On his crowdfunding site DiMare gives an example of a seemingly ordinary video frame that’s been enhanced with his computer technology to reveal what he describes as “a frog standing waving back at the camera. He is standing in front of and under the tree. About 2 feet tall, he looks like he has a bow tie on, and he is waving with his left arm.”
I asked him to clarify whether he was claiming that his photo actually revealed a two-foot tall, bowtie-wearing frog waving at him. “The frog is what I see in the footage,” he responded. “Some people say they see an owl. Two frames before this shot and the two frames after, there is nothing standing in front of the tree…. this phenomenon is quick, that is why it is invisible to most people. Viewing the footage frame by frame and amplifying the changes makes all the difference. I’m not sure if it is real or an illusion.”
Ghost Photos, Videos, and Audios
The answer to this phenomenon lies in psychology, not the paranormal. While it may seem bizarre, the process by which DiMare is “finding” ghosts and anomalies is actually very common in ghost-hunting circles.
There are several ways that ghost hunters collect EVP samples; often it simply involves setting up a voice recorder in an empty room and leaving, returning hours later. Other times investigators will have handheld recorders as they walk through a supposedly haunted area.
The ghost hunters later carefully review the audio files, turning the volume up high and increasing the contrast so that even faint background noises are made more noticeable. Many of the sounds are indistinct at best and may require repeated listenings or extensive computer filtering to discern any faint words. If the person hears anything that he or she thinks might be strange, that will often be interpreted as a ghost voice.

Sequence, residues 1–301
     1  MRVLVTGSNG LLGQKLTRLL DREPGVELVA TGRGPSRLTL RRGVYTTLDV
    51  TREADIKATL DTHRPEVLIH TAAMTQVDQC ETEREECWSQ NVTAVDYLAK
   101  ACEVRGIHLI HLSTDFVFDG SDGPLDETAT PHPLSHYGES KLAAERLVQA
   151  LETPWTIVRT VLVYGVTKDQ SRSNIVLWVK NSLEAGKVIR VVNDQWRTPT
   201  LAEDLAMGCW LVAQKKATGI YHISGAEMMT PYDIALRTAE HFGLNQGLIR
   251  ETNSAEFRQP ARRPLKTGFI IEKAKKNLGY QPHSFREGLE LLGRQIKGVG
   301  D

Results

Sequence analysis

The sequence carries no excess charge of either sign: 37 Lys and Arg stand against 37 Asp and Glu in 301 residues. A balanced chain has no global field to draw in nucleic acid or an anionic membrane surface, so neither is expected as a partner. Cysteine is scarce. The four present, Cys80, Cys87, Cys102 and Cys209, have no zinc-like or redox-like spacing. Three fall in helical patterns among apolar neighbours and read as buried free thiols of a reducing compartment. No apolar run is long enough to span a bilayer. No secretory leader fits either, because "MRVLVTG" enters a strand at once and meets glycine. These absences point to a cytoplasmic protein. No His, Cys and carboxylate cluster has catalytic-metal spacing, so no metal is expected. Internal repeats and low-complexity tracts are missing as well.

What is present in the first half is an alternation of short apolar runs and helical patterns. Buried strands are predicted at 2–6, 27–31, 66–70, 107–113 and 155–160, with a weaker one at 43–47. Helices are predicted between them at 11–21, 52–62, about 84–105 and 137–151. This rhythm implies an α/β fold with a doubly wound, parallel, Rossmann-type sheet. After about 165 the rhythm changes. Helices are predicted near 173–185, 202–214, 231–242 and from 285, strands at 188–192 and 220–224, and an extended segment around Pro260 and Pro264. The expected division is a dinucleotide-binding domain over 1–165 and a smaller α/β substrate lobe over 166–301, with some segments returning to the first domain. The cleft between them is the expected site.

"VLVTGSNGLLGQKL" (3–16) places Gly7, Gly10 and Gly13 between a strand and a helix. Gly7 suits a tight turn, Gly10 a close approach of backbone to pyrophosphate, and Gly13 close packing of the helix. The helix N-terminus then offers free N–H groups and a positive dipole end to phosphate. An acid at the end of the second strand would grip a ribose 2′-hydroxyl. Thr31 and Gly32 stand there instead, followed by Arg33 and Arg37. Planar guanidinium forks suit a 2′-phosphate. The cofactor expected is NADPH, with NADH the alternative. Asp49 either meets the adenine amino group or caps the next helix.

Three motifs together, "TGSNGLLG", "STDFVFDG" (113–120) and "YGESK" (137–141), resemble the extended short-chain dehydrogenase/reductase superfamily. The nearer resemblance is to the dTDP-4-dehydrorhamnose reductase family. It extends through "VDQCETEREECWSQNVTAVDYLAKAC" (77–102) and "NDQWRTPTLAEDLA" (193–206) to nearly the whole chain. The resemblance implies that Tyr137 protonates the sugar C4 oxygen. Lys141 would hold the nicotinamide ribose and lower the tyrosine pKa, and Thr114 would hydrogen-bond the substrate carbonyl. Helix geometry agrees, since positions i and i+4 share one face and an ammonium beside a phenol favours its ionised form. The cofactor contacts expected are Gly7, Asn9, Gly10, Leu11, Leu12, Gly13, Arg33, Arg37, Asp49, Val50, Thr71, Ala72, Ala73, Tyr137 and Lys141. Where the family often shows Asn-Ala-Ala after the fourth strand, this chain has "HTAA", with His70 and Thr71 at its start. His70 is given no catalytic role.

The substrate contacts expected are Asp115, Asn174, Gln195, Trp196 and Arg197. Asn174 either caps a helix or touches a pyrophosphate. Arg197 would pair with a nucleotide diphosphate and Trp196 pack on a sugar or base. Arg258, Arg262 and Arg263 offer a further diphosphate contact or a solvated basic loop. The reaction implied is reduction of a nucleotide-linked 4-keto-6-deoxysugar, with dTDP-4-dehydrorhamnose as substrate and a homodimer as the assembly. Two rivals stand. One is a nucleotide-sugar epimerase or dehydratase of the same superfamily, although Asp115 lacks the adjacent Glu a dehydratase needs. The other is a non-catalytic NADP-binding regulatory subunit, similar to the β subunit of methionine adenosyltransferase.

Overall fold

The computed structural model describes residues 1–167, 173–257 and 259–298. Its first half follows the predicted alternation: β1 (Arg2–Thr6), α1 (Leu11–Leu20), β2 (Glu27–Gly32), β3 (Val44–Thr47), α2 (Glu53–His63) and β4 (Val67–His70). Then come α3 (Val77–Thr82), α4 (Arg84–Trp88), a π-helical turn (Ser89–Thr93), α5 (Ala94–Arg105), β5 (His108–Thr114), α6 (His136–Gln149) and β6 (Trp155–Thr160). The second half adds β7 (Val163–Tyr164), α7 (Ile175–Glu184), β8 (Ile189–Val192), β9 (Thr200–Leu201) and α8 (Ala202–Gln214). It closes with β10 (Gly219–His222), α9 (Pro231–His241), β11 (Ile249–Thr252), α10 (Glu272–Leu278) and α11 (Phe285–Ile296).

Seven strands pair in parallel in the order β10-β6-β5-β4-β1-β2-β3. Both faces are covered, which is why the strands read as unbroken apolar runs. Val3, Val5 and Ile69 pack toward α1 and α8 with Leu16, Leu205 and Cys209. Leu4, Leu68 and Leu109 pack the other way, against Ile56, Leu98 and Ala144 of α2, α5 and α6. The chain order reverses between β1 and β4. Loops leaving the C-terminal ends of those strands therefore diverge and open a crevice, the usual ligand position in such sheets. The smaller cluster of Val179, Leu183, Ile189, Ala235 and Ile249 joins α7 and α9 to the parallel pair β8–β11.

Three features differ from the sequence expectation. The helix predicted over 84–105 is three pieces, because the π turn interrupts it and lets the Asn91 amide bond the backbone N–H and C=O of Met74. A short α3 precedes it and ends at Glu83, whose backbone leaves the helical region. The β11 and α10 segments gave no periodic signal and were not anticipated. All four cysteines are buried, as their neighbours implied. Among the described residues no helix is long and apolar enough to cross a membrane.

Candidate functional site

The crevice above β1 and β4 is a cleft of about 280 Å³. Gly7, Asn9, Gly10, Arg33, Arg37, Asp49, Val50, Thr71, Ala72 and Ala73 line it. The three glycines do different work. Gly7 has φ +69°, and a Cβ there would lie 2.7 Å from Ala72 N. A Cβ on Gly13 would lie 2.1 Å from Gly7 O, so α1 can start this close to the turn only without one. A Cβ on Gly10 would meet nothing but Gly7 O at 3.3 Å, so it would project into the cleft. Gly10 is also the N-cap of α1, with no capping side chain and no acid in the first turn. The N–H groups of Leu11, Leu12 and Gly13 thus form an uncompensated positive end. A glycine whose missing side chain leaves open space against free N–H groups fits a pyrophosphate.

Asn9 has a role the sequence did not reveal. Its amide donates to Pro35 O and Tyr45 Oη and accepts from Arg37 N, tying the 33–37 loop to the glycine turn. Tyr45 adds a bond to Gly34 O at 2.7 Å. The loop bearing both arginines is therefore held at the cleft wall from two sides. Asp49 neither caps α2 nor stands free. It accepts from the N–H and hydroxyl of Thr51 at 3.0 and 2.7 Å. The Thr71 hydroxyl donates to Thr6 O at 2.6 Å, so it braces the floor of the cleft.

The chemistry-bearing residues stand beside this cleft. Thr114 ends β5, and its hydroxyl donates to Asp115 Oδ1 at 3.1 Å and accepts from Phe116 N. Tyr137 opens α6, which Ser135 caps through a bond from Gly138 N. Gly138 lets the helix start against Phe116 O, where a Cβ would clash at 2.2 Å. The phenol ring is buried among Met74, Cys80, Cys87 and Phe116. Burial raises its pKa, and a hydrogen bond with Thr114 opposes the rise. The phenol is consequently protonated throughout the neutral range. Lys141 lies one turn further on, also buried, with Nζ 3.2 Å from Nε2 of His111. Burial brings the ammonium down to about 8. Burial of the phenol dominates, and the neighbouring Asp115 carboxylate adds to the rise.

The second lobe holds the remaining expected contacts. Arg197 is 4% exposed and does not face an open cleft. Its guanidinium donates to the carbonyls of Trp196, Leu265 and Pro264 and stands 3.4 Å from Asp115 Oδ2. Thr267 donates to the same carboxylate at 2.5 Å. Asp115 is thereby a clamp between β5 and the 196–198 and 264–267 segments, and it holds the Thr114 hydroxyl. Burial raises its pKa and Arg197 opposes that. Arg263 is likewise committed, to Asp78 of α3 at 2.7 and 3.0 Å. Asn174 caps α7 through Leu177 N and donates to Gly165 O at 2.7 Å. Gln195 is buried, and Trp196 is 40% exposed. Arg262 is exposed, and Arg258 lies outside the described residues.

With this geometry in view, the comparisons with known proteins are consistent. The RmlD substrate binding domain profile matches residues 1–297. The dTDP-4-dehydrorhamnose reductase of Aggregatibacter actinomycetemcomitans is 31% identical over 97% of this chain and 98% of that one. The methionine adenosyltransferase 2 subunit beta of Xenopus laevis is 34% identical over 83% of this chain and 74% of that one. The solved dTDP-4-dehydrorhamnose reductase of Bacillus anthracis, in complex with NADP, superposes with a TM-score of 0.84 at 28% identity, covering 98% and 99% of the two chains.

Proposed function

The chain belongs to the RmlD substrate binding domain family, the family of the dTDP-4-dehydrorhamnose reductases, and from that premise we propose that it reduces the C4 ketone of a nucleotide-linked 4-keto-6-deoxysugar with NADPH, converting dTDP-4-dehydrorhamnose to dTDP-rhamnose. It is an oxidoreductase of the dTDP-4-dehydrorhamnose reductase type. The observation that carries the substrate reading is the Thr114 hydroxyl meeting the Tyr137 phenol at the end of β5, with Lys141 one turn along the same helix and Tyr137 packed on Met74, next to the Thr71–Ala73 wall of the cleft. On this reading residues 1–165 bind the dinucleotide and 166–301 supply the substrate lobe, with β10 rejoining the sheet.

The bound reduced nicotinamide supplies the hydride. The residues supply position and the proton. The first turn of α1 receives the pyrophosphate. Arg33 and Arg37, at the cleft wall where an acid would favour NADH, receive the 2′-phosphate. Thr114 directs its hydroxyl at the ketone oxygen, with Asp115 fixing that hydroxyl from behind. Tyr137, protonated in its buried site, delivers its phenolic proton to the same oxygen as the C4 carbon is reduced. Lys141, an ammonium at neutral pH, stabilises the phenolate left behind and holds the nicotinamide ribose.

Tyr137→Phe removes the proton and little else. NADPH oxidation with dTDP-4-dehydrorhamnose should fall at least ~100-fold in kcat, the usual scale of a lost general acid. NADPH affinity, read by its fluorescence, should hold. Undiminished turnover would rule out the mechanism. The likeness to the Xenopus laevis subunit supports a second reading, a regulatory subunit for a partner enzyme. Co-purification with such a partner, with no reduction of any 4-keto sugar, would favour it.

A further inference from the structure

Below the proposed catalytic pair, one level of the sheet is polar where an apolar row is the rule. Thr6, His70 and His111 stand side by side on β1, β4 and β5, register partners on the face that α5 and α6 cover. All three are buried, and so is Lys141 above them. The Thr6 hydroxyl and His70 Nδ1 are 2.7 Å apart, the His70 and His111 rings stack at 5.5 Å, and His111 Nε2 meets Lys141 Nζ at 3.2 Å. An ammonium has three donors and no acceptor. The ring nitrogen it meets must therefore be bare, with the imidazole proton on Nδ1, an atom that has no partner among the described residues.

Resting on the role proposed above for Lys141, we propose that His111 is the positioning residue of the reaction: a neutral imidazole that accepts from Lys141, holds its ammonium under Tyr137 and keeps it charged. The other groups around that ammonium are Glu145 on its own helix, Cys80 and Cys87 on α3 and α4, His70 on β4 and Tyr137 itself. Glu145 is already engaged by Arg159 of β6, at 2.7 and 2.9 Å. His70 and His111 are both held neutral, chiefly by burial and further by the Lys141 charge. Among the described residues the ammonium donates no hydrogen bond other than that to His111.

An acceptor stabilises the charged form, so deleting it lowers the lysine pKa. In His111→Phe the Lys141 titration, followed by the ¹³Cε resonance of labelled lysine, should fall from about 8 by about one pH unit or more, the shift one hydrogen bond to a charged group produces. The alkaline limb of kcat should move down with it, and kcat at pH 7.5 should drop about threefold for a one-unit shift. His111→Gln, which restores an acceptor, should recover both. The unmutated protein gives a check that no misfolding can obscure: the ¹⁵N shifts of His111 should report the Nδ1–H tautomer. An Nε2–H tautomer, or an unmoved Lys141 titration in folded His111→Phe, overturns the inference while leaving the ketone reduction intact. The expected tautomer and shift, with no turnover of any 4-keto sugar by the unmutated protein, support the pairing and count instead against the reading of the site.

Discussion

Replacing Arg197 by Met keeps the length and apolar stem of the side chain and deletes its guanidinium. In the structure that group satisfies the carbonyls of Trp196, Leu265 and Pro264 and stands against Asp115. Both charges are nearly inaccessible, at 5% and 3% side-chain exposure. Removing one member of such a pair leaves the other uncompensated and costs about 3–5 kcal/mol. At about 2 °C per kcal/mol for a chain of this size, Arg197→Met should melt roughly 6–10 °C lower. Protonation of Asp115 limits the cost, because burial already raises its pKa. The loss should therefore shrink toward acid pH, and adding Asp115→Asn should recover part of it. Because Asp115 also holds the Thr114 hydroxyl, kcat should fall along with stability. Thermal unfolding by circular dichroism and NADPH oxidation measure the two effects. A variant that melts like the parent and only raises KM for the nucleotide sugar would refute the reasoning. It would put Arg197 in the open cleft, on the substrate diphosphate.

For psychologists there is no mystery about what causes EVPs and ghostly images in videos, and it has nothing to do with ghost voices. Our brains naturally look for meanings and patterns in the world around us; we are very good at finding patterns — so good in fact that we sometimes recognize patterns that do not exist.
One common example of this is when people see faces in random shapes like clouds. The faces are not really there, of course, but our brains unconsciously seek out dots that could look like eyes, an opening that could look like a mouth, and even sometimes noses and ears on a face. It’s a completely normal process, but it can create the illusion of ghost and other forms (in photos and in videos) and ghost voices (in audio).
The ghosts and other “weird” images captured on video and made visible by this process look exactly like ordinary camera artifacts. The most likely explanation for these apparently “paranormal” images is an optical and technological one, not a paranormal or supernatural one. Even if you have a “Ghost Guarantee.”